Monday, December 6, 2010


Today I was introduced to a new word that I occasionally exchanged for "majoritarian." Wikipedia says:
Majoritarianism is a traditional political philosophy or agenda which asserts that a majority (sometimes categorized by religion, language, social class or some other identifying factor) of the population is entitled to a certain degree of primacy in society, and has the right to make decisions that affect the society. This traditional view has come under growing criticism and democracies have increasingly included constraints in what the parliamentary majority can do, in order to protect citizens' fundamental rights.
This should not be confused with the concept of a majoritarian electoral system, which is a simple electoral system which usually gives a majority of seats to the party with a plurality of votes. A parliament elected by this method may be called a majoritarian parliament (e.g. the British parliament).

Under a democratic majoritarian political structure the majority would not exclude any minority from future participation in the democratic process. Majoritarianism is sometimes pejoratively called ochlocracy (commonly stated as mob rule) or tyranny of the majority by its opponents. Majoritarianism is often referred to as majority rule, but which may be referring to a majority class ruling over a minority class, while not referring to the decision process called majority rule.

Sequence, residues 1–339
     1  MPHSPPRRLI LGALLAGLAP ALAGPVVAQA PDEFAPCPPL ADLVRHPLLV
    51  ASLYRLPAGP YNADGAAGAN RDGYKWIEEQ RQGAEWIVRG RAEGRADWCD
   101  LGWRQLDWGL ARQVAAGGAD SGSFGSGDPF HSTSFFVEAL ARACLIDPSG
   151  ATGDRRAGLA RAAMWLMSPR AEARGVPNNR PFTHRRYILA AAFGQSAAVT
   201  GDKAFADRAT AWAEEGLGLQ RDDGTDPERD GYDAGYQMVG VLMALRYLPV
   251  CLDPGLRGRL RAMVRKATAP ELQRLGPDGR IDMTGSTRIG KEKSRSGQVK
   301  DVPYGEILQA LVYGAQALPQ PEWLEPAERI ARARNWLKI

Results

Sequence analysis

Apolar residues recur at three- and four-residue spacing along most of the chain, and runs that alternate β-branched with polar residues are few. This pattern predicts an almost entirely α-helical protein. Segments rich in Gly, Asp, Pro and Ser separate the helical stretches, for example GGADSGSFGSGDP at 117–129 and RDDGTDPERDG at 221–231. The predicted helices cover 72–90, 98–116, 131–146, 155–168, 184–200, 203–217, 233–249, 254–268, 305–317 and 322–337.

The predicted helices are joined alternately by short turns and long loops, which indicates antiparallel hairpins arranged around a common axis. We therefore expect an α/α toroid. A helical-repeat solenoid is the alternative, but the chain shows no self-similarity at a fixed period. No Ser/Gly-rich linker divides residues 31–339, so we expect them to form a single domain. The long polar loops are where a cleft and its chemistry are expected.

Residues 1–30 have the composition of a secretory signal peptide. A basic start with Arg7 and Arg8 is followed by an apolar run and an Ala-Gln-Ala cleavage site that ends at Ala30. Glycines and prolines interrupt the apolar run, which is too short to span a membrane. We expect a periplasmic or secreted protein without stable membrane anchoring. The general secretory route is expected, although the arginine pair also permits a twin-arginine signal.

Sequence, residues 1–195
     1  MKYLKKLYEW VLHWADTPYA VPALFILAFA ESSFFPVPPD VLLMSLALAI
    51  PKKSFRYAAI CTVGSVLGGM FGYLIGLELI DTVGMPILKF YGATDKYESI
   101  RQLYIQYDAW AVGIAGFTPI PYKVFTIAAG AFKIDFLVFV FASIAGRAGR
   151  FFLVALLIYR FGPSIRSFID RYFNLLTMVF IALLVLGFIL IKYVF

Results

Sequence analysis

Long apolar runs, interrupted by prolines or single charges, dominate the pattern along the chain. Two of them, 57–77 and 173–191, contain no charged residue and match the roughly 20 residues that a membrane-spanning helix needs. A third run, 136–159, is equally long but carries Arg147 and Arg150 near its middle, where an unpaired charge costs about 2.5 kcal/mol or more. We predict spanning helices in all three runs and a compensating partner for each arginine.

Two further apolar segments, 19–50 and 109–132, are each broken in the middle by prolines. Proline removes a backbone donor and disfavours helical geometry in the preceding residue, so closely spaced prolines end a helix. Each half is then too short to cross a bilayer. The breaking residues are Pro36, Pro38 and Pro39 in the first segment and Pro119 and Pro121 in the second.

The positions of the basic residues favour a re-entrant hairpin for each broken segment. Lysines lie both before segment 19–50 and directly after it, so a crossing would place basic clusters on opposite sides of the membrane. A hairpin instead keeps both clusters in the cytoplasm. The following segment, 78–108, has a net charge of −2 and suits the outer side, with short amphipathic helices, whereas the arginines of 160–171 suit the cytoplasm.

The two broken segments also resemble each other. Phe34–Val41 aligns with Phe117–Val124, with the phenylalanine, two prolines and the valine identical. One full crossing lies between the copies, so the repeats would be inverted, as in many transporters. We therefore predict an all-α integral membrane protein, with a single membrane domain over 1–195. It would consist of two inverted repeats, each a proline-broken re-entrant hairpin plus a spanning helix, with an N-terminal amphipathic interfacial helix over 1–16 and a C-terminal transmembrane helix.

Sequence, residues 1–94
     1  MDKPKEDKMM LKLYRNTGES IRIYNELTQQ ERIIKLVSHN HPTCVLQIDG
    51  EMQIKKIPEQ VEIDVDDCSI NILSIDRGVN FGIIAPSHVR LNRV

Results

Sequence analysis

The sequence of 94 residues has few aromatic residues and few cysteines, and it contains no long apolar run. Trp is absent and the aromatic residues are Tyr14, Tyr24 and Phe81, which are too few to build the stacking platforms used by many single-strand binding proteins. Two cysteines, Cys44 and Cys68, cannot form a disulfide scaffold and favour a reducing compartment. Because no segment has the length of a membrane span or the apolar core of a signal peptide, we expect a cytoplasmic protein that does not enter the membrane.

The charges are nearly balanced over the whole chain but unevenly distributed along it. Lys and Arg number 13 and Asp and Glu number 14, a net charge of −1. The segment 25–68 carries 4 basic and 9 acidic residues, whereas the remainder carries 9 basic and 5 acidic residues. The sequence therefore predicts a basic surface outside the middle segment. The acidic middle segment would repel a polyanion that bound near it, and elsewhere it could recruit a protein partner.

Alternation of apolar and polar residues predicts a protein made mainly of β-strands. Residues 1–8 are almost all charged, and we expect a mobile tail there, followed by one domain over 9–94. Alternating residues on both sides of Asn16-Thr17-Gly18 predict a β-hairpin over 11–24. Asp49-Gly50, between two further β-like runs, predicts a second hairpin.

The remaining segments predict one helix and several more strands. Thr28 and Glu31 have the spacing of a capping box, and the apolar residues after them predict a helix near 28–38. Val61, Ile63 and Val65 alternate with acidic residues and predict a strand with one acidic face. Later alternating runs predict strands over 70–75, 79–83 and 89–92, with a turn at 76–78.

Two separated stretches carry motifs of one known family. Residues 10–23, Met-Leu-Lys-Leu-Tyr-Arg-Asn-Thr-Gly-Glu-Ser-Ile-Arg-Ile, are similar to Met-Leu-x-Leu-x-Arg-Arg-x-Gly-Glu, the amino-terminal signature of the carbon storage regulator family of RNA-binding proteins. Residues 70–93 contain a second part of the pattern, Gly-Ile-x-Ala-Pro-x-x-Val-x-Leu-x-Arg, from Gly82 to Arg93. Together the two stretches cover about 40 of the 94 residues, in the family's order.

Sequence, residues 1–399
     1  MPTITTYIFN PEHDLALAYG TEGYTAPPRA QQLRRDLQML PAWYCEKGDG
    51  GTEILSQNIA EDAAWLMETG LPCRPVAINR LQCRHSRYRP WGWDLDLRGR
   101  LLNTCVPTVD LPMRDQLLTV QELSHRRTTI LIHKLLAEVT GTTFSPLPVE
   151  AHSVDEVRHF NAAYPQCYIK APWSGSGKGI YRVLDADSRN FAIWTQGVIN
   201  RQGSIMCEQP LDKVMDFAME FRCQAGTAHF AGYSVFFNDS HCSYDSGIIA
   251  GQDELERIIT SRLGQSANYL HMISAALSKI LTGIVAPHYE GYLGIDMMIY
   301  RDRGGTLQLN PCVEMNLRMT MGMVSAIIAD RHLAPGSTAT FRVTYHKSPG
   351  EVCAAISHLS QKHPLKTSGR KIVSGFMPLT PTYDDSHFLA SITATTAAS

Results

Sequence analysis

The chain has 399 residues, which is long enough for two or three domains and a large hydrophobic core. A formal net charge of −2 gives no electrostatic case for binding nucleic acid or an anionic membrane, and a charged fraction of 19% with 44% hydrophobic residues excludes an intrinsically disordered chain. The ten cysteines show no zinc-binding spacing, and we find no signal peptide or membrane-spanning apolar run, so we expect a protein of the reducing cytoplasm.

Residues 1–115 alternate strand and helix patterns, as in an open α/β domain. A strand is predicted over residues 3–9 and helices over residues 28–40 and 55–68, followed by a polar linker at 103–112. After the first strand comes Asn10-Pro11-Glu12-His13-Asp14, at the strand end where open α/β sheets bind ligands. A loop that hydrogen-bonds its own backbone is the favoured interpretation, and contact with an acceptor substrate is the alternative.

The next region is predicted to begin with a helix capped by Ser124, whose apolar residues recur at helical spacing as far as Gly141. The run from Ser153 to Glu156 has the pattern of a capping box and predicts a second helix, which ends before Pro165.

From my point of view it's all about anarch and mob rule and George Wills has a good article on this subject and how it is affecting this country in his New York Times: The case for engaged justices - Herein lies the argument for why this country should leave WikiLeaks and Julian Assange alone.

Wills starts out by quoting: "The powers of the legislature are defined and limited; and that those limits may not be mistaken, or forgotten, the Constitution is written." - Marbury v. Madison (1803)
The American people are faced with a clear choice today. Either support and defend the Constitution or delegitimize themselves as a  people and a nation.

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